A Brief Guide On Disability Insurance For Veterinarians

If you’re an animal lover, perhaps nothing can be as rewarding as being a veterinarian. But furry friends can be highly unpredictable and dangerous, no matter if you’re dealing with a domesticated cat, a farm equine, or a zoo reptile.

So, what happens if you’re caught in an accident with your beloved four-legged friends? Some financial institutions understand that being an animal doctor comes with specific risks. Thus, they offer disability insurance customized for veterinarians.  Disability insurance can cover part of your costs, when you’re unable to work because of injuries or sickness.

In this article, you’ll find out more about this type of protection and how it can protect you.

What Is A Disability Insurance?

In essence, disability insurance safeguards you against income loss due to injury or sickness.

According to the Bureau of Labor Statistics (BLS), in 2016, individuals in the veterinary profession, including assistants, technicians, and nonclinical staff, were the second most prone to non-fatal occupational work injuries, with nurses and care workers copping the top spot.

While the sector reported a negligible number of deaths, about 12% were reported to have experienced work-related illnesses and injuries—a figure that’s more than four times the average across all sectors.

For this reason, disability insurance is a must-have for veterinarians. With active coverage from an insurance policy provider such as TPVS, you can be assured of receiving remuneration when occupational injuries and illnesses prevent you from working, either temporarily or permanently.

5 Things To Consider In Choosing An Ideal Disability Insurance Policy

Obtaining a veterinarian’s license takes substantial money and several years of practice. According to 2020 estimates, veterinary students could spend up to USD$66,000 every year on out-of-state or private education.

Apart from self-fulfillment, becoming a veterinarian offers other worthwhile rewards. The median annual salary for vets is pegged at USD$ 95,460, per BLS. As a veterinarian, this means you stand to lose a lot when something happens.

Different insurance companies provide varying types of benefit levels and coverage types. Before getting an insurance policy, always read the terms and conditions, including the fine print. Additionally, take heed of the following crucial factors:

1. Benefit Period

This term refers to the maximum amount of time the policy will cover benefits. How long it lasts will depend on the type of insurance you’re getting.

For instance, short-term insurance may offer benefits for about three months to a few years. In contrast, long-term insurance may provide disability benefits until retirement. As expected, better and lengthier coverages will cost more.

2. Elimination Period

This describes the length of time the injured or sick policyholder isn’t eligible to receive benefits even when a disability has impacted their capacity to work. Most short-term disability coverage, for instance, has an average elimination period of 14 days.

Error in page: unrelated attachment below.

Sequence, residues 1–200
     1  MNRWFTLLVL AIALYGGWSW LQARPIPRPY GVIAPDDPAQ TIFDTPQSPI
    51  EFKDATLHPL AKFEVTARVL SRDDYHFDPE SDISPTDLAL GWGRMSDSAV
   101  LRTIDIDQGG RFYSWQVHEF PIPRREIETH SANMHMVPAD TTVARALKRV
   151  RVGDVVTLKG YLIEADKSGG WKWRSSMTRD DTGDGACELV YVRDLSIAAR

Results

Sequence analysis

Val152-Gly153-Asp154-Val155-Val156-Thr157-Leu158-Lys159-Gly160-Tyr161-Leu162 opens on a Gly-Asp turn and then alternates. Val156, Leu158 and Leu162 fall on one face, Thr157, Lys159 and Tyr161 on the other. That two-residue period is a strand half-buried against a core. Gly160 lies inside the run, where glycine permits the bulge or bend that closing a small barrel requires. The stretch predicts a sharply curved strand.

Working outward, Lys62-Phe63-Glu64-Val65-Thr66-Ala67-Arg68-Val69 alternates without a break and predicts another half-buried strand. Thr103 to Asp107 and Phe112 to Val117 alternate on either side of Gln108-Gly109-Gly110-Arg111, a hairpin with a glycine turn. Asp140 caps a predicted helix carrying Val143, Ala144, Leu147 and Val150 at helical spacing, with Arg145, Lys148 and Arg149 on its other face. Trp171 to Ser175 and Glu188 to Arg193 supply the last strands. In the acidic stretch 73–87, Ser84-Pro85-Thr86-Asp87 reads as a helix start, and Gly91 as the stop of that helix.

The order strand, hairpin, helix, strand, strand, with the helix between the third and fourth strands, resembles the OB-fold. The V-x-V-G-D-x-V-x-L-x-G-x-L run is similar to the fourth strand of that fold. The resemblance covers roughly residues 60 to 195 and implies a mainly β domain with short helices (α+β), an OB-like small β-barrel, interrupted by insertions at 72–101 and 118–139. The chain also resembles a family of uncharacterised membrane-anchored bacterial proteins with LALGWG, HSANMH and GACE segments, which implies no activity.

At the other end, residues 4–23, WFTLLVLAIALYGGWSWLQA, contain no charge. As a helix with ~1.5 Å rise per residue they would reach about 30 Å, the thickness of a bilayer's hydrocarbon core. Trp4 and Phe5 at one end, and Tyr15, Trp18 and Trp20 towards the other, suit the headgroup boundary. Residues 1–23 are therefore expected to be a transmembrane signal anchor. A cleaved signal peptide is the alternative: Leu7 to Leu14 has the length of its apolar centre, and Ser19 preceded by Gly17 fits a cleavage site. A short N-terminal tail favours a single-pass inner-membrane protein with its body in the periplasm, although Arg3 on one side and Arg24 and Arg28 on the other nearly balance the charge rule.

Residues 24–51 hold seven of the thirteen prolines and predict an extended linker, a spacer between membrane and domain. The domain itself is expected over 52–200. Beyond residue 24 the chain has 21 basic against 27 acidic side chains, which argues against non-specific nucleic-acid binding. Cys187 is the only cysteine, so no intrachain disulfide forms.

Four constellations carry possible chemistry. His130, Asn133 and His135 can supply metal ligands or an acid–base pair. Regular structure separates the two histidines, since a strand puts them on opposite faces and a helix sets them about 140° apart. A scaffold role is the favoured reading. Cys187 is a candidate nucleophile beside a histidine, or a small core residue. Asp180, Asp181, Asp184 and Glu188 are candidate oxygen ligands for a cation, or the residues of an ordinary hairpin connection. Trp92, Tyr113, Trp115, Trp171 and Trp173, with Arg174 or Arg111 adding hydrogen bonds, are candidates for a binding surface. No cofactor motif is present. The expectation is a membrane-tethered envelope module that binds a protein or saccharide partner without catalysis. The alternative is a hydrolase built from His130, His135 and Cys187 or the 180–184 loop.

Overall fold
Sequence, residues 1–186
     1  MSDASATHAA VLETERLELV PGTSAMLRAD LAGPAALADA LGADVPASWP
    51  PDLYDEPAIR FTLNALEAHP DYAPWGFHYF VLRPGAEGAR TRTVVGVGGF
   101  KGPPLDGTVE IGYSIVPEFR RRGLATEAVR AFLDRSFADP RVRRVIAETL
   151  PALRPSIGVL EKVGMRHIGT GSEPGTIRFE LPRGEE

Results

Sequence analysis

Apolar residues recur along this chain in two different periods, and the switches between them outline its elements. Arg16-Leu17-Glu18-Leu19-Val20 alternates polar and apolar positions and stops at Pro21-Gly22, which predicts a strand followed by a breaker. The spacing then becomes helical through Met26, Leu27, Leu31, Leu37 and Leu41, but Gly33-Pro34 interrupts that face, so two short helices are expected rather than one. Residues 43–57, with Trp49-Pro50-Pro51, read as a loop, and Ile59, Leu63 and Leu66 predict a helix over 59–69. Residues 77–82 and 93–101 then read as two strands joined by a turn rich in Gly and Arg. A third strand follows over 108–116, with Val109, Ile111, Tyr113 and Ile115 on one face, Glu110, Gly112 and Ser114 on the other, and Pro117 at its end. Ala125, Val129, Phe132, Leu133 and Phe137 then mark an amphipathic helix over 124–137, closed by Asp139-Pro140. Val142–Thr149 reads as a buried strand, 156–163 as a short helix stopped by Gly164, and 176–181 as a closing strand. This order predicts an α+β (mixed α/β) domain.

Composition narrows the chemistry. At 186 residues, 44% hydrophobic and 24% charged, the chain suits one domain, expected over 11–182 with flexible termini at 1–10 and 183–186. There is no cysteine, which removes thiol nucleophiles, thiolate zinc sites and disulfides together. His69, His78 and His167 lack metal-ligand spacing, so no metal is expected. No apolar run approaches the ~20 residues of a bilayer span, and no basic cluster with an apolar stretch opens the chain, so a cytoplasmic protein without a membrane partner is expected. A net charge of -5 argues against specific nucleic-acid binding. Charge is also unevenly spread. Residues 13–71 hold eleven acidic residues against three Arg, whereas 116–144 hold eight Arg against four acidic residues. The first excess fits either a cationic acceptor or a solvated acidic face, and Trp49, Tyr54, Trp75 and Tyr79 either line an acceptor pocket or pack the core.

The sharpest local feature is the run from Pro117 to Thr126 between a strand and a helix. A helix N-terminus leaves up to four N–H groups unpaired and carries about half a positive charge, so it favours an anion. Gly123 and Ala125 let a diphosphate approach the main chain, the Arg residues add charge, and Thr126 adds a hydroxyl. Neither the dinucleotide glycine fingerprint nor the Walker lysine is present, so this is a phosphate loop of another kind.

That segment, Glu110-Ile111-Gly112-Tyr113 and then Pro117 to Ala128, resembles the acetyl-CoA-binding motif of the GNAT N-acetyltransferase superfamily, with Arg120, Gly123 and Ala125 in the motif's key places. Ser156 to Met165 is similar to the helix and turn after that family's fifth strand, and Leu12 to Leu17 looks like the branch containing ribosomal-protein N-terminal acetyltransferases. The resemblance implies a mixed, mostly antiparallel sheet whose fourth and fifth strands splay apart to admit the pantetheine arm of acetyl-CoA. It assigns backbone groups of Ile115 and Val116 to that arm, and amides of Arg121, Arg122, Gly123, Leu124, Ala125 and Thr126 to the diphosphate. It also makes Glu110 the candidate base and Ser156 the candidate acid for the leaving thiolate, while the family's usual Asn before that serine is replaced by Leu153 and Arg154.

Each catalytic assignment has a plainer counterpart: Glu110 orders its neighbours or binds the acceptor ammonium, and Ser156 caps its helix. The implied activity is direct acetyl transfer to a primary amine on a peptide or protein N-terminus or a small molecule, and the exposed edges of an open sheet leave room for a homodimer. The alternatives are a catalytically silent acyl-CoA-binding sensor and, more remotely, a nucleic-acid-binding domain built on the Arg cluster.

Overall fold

3. Disability’ Coverage Type

The policy definition and coverage type for disability insurance will affect your benefit payment as a veterinarian. Hence, you must read and understand the terms in the contract, specifically those related to the following terms:

  • Own occupation: An individual is entitled to receive benefits if they cannot perform their veterinarian duties on a full-time basis. For instance, being a vet requires you to have fully functional hands. If an accident leaves this professional partly paralyzed, they may collect disability benefits.
  • Any occupation: This type of disability insurance is more restrictive in the sense that a disabled policyholder may only receive the benefits if it’s proven that they can’t perform significant activities related to their work as a veterinarian.

If a veterinarian has ‘any occupation’ disability coverage, they’re expected to work other jobs, often in professions where they may be overqualified. This forfeits the coverage, and the company won’t be paying the benefits.

4. Monthly Indemnity

Refers to the benefits paid to you every month while the disability insurance covers you. This is one of the most crucial considerations for veterinarians because it may be the only source of income during disablement.

The cost of monthly benefits will depend on the policyholders’ income. Veterinarians’ insurance coverage may cover 60% to 80% of their earnings before getting sick or injured.

5. Other Income Benefits

Depending on the other occupational risks identified in the profession, a veterinarian may consider additional benefits to the disability insurance coverage. For instance, some companies offer hospitalization income benefits, where you can receive a specific amount during your hospitalization for a severe animal bite infection.

Final Thoughts

Because of the accompanying occupational risks attached to the veterinary profession, it’s in the veterinarian’s best interest to get a disability insurance policy, ideally with ‘own occupation’ coverage. With it, you can still receive indemnity even if you choose to explore other careers to continue earning—even if your disability restricts you.

But choosing the ideal disability insurance takes more than selecting the proper coverage. The tips discussed in this guide can help you identify the crucial points to look at when picking the perfect disability insurance policy.